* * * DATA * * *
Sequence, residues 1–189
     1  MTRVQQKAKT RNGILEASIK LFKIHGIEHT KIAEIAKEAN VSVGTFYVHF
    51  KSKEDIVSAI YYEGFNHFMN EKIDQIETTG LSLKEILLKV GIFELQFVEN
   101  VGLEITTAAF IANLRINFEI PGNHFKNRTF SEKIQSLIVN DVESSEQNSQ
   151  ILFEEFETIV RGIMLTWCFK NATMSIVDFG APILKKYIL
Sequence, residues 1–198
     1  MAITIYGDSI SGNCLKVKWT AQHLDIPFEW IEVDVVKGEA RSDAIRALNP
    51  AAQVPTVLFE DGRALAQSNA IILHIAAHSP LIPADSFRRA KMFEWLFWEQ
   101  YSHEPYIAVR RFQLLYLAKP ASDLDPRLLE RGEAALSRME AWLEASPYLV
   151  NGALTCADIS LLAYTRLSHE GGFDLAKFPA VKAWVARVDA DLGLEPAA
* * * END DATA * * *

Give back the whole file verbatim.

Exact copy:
Sequence, residues 1–189
     1  MTRVQQKAKT RNGILEASIK LFKIHGIEHT KIAEIAKEAN VSVGTFYVHF
    51  KSKEDIVSAI YYEGFNHFMN EKIDQIETTG LSLKEILLKV GIFELQFVEN
   101  VGLEITTAAF IANLRINFEI PGNHFKNRTF SEKIQSLIVN DVESSEQNSQ
   151  ILFEEFETIV RGIMLTWCFK NATMSIVDFG APILKKYIL
Sequence, residues 1–198
     1  MAITIYGDSI SGNCLKVKWT AQHLDIPFEW IEVDVVKGEA RSDAIRALNP
    51  AAQVPTVLFE DGRALAQSNA IILHIAAHSP LIPADSFRRA KMFEWLFWEQ
   101  YSHEPYIAVR RFQLLYLAKP ASDLDPRLLE RGEAALSRME AWLEASPYLV
   151  NGALTCADIS LLAYTRLSHE GGFDLAKFPA VKAWVARVDA DLGLEPAA